The Patrick twins had similar friends through middle school, but found different friend groups once they entered high school. “But at church, at Trinity Baptist in Nevils, there’s a small group of friends, so we all hang out together,” said Maddi.

Maddi, the more talkative of the two, laughed and said, “We’re either fighting with each other or teaming up on somebody else.”

The Berry twins respond in similar ways, too.

“Mary Ruth looks out for Curtis, and Curtis likes to do things for her,” said Christie Berry. “He would do anything for her, and she becomes a mother bear if someone bothers him.” 

Christie said her twins get along better now than they were kids, often sparring verbally. Mary Ruth tends to blame Curtis for those twin challenges. “It’s only when he messes with me,” she said, “which is a daily thing.”

Donnie Berry said his two kids have a “twin telepathy” going on and have since they were kids. “It’s not a myth,” said Donnie. “She could interpret for him. He understood her that way, too.” 

Curtis is a self-proclaimed homebody, and Mary Ruth likes to take part in various extra-curricular activities. Her studious nature earned her the title of salutatorian, and she’s already completed several college-level courses through dual enrollment programs. 

Christie, a Special Education teacher with first grade at Metter, and Donnie, pastor of First 

Baptist Church, Portal, said the baby and toddler days were quite challenging.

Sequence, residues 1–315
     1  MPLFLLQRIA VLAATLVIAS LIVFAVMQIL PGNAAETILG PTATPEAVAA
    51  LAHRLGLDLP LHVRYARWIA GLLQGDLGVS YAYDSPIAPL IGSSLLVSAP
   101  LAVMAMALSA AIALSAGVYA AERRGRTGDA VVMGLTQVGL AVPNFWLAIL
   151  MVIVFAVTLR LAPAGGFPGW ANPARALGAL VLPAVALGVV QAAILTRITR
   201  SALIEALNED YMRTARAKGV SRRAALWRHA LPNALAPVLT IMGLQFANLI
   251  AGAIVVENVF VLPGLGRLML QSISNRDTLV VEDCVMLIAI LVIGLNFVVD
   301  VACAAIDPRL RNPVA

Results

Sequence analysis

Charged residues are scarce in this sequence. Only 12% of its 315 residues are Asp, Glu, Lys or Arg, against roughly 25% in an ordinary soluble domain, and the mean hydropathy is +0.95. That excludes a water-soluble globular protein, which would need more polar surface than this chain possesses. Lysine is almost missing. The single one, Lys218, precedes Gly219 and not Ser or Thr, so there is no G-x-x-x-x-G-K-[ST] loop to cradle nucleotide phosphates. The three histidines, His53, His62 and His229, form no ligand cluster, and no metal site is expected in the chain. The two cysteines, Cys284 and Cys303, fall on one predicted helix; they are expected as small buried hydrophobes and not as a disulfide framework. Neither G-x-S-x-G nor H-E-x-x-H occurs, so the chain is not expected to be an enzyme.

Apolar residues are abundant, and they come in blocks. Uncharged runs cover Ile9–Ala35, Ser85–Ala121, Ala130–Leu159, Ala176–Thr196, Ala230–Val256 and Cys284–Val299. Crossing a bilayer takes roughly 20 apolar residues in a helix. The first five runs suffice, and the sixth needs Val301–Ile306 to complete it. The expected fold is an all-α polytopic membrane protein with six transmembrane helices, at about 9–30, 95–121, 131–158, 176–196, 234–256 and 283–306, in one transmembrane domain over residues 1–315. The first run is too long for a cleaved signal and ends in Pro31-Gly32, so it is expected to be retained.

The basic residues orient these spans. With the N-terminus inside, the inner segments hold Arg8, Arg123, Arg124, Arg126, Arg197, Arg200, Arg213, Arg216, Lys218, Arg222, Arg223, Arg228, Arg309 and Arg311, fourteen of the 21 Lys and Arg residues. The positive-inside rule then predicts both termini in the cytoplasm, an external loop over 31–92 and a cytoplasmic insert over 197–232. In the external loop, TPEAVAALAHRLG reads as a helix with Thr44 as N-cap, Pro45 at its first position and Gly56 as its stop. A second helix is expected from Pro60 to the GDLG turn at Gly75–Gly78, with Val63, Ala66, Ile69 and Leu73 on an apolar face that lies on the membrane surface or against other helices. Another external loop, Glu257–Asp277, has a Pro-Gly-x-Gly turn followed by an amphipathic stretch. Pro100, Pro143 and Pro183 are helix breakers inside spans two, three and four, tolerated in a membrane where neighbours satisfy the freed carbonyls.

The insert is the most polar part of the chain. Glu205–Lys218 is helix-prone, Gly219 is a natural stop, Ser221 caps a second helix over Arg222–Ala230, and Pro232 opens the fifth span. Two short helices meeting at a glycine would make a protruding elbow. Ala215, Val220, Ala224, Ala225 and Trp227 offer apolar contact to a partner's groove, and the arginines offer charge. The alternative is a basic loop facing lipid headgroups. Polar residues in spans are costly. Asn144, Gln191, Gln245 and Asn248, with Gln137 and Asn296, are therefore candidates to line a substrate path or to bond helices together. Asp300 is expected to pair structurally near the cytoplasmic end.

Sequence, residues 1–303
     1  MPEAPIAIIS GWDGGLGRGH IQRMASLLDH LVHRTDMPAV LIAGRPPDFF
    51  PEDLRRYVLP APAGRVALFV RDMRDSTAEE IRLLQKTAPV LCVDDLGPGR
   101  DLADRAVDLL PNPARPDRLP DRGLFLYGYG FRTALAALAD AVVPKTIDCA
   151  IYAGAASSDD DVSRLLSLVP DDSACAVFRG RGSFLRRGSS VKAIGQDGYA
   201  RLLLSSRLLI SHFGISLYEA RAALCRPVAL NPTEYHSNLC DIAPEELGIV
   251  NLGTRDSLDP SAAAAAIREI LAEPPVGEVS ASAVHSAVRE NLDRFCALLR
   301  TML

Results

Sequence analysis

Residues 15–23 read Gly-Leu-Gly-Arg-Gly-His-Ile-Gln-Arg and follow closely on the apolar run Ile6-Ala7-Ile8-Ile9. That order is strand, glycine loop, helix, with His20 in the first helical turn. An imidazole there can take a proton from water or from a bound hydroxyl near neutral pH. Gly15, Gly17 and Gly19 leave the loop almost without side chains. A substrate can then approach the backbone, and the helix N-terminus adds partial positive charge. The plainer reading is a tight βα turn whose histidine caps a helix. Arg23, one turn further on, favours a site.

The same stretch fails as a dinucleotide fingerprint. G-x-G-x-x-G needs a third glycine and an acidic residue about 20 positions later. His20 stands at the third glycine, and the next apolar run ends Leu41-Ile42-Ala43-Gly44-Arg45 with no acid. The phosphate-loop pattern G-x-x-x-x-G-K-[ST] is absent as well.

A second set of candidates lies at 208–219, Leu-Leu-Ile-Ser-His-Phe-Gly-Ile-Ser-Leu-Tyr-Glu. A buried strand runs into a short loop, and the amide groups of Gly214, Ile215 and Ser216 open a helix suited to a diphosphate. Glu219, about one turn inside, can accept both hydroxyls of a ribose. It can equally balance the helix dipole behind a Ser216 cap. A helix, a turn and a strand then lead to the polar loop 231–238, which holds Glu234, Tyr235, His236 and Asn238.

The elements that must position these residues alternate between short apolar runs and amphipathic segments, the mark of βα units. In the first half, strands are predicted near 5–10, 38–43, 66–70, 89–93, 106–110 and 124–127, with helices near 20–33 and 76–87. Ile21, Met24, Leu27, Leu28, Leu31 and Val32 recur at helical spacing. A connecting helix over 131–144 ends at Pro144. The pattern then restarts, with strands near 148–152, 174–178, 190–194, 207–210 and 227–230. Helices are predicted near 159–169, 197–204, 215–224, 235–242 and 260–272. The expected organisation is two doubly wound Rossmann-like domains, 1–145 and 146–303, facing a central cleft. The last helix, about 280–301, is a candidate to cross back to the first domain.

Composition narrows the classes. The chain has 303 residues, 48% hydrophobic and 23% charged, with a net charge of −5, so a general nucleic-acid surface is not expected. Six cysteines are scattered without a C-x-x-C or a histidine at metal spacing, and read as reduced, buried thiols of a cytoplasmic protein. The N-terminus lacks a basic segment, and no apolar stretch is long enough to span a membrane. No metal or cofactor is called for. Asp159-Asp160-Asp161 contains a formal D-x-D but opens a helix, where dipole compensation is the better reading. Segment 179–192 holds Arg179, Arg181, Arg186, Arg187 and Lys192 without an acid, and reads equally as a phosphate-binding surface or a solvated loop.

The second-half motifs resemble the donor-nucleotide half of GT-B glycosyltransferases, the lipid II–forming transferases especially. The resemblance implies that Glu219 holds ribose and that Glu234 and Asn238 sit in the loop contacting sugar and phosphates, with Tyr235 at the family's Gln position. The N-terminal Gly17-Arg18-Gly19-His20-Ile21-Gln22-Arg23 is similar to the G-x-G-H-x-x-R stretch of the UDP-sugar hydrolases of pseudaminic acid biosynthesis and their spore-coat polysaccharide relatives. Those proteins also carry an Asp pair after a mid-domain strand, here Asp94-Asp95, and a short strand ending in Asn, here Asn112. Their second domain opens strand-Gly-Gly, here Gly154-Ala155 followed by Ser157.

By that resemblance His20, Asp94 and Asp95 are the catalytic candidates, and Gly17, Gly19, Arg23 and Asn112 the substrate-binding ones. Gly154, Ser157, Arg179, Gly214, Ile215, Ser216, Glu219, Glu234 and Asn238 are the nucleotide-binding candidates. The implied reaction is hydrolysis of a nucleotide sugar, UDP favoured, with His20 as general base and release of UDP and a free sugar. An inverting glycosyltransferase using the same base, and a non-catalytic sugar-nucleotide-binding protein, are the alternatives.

“You wake up thinking what’s going to happen today,” said Christie. “Some of the memories weren’t fun ones,” she admitted. “You’re always juggling to try to take care of both, usually going different directions. We didn’t have family here, and Curtis was sick a lot.”

Born at just 2 pounds, 3.8 ounces, Curtis had issues at birth that took some overcoming. Mary Ruth, born at 4.3 ounces, needed a cast applied at just two days old to correct a club foot issue.

Curtis, who struggled with speech issues early on, as well as the ease at which he became ill, shows no sign of an early birth rate now except ongoing problems with asthma. “It’s a miracle he’s alive,” said Christie.

Christie and Donnie were married for 14 years and struggled with infertility before getting pregnant with their kids. The Berry twins were born at 33.5 weeks of gestation. 

Maddi and Zach, born two minutes apart, were 4 pounds, 11 ounces and 4 pounds,5 ounces, respectively. 

“They stayed in the NICU for seven days,” said Jamey. “They were born on a Saturday; I was discharged on Wednesday, and they both came home the following Saturday. That’s typically unheard of for premature twins to come home on the same day.”

Patrick said that her twins didn’t seem to fuss and fight like other sibling pairs that she knew. “It doesn’t seem to be as bad as others, but they had their moments.” 

Both moms admitted that having twins is quite challenging, but neither knew any other form of parenting. 

“It was hard, but I wouldn’t do anything different,” said Christie. “You learn as you go. You learn to do what you gotta do.”

From non-stop movement of baby days to the time when both will leave the nest at the same time, the challenges, as well as the joys and good times, have been doubled. Twins aren’t for the faint of heart, but the Patricks and Berrys wouldn’t trade it for anything.



Patricks
Maddi and Zach Patrick - photo by By SCOTT BRYANT/staff